Answer the following in brief
Explain the term ‘planning’ in the light of water resources planning.
Reducing the frequency and/or severity of the adverse consequences of droughts, floods, and excessive pollution are common goals of many planning and management exercises. Other reasons include the identification and evaluation of alternative measures that may increase the available water supplies, hydropower, improve recreation and/or navigation, and enhance water quality and aquatic ecosystems.
Some multiple purposes served by a river can be conflicting. A reservoir used solely for hydropower, or water supply, is better able to meet its objectives when it is full of water. On the other hand, a reservoir used solely for downstream flood control is best left empty, so it can store more of the flood flows when they occur. A single reservoir serving all three purposes introduces conflicts over how much water to store in it and discharge from it, i.e., how it should be operated. In basins where diversion demands exceed the available supplies, conflicts will exist over water allocations. Finding the best way to manage, if not resolve, these conflicts are reasons for planning.
What is a cash flow diagram?
Cash flow diagrams visually represent income and expenses over some time interval. The diagram consists of a horizontal line with markers at a series of time intervals. At appropriate times, expenses and costs are shown.
For example, consider a truck that is going to be purchased for $55,000. It will cost $9,500 each year to operate, including fuel and maintenance. It will need to have its engine rebuilt in 6 years for a cost of $22,000, and it will be sold at year 9 for $6,000. Here is the cash flow diagram:
Relative frequency function
Relative frequency can be defined as the number of times an event occurs divided by the total number of events occurring in a given scenario.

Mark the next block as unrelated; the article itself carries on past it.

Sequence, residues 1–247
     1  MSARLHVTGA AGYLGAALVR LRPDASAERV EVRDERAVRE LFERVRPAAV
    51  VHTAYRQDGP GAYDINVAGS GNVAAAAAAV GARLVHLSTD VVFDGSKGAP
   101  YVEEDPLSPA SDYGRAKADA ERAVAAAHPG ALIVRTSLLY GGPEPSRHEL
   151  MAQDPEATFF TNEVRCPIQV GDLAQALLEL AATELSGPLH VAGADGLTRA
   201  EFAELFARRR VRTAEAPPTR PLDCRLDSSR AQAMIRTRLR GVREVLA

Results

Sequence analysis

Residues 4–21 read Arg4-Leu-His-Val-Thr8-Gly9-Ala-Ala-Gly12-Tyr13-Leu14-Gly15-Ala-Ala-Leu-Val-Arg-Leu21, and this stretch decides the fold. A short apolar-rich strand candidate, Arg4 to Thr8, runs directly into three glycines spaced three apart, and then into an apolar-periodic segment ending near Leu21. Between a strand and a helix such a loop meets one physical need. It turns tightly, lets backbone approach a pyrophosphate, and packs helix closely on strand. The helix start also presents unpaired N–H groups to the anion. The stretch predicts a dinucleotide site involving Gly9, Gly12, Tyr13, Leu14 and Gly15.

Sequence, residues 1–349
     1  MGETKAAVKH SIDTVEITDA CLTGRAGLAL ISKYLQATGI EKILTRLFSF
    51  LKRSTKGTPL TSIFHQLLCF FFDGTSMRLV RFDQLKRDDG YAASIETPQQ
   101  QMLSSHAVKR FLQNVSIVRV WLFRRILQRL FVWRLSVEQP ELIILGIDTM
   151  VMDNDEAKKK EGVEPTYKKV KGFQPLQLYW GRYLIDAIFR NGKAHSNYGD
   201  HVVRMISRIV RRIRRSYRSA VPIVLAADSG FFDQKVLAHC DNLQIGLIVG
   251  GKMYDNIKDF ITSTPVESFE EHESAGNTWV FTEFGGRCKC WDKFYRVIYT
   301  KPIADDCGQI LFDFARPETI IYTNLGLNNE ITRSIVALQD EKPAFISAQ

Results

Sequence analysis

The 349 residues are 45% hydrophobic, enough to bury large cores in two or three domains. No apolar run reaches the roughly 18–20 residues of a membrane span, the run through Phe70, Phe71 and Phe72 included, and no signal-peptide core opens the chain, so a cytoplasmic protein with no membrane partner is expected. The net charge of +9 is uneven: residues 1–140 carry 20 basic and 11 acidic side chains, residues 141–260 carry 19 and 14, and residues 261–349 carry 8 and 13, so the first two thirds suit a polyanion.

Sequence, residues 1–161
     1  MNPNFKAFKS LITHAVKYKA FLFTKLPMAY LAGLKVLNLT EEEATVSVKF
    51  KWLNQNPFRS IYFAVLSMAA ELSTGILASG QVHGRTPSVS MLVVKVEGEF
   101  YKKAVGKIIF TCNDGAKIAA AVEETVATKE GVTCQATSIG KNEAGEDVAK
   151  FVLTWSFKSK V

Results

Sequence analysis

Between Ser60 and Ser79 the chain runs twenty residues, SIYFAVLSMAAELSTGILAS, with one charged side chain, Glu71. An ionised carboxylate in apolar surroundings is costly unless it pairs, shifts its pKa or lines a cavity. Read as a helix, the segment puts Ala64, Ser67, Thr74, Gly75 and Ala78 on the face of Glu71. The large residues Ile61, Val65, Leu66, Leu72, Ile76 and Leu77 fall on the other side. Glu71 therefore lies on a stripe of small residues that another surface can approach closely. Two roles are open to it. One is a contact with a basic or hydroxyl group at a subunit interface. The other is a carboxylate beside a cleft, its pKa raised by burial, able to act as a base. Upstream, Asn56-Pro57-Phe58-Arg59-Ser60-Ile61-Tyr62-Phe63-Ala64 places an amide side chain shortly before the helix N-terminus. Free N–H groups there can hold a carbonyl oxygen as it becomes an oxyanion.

The relative frequency formula can be given as:
Relative Frequency = Subgroup frequency/ Total frequency
Relative Frequency = f/ n
f is the number of times the data occurred in an observation
n = total frequencies
Cumulative frequency function
The Cumulative Distribution Function (CDF) of a real-valued random variable, say “X”, which is evaluated at x, is the probability that X takes a value less than or equal to x. It is defined for both discrete and random variables.
The CDF defined for a continuous random variable is given as;
Probability density function
A probability density function (PDF) is used to define the random variable’s probability coming within a distinct range of values, as opposed to taking on any one value. In other words, the probability density function produces the likelihood of values of the continuous random variable. Sometimes it is also called a probability distribution function or just a probability function.
In the case of a continuous random variable, the probability taken by X on some given value x is always 0. In this case, if we find P(X = x), it does not work. Instead of this, we must calculate the probability of X lying in an interval (a, b). Now, we have to figure it for P(a< X< b), and we can calculate this using the formula of PDF. The Probability density function formula is given as,
Probability distribution function
The probability distribution function is the integral of the probability density function. This function is very useful because it tells us about the probability of an event that will occur in a given interval.
State the basic steps of Economic analysis.
- Explain the strategic context
- Establish the need for expenditure
- Define the objectives and constraints
- Identify and describe the options
- Identify and quantify the monetary costs and benefits of options
- Appraise risks & adjust for optimism bias
- Weigh up non-monetary cost and benefits
- Calculate net present values (NPVs) and assess uncertainties
- Assess affordability and record arrangements for funding, management, procurement, marketing, benefits realization, monitoring and ex post evaluation
- Assess the balance of advantage between the options and present the results and conclusions
What are the objectives of developing water resources?
Water Resources Management objectives can include promoting conditions for environmentally sustainable, economically efficient and equitably allocated use of water resources. They also include to increase the benefits and reduce the risk related to existing hydraulic infrastructure.
What is the basic difference between ‘optimization’ and ‘simulation’ in water resources planning?
Optimization techniques in water resources system management are used to reach a system of optimum solutions, whereas simulation techniques approach the system evaluation by a trial and error method to lead to the identification of the best possible solution for the system.
What are direct and inverse problems in system analysis? Give a clear example of each.
- Direct problem: To identify effect from causes. (Analysis of model or prediction from model.)
- Inverse problem: To identify causes from effect. (Identify model using data.)
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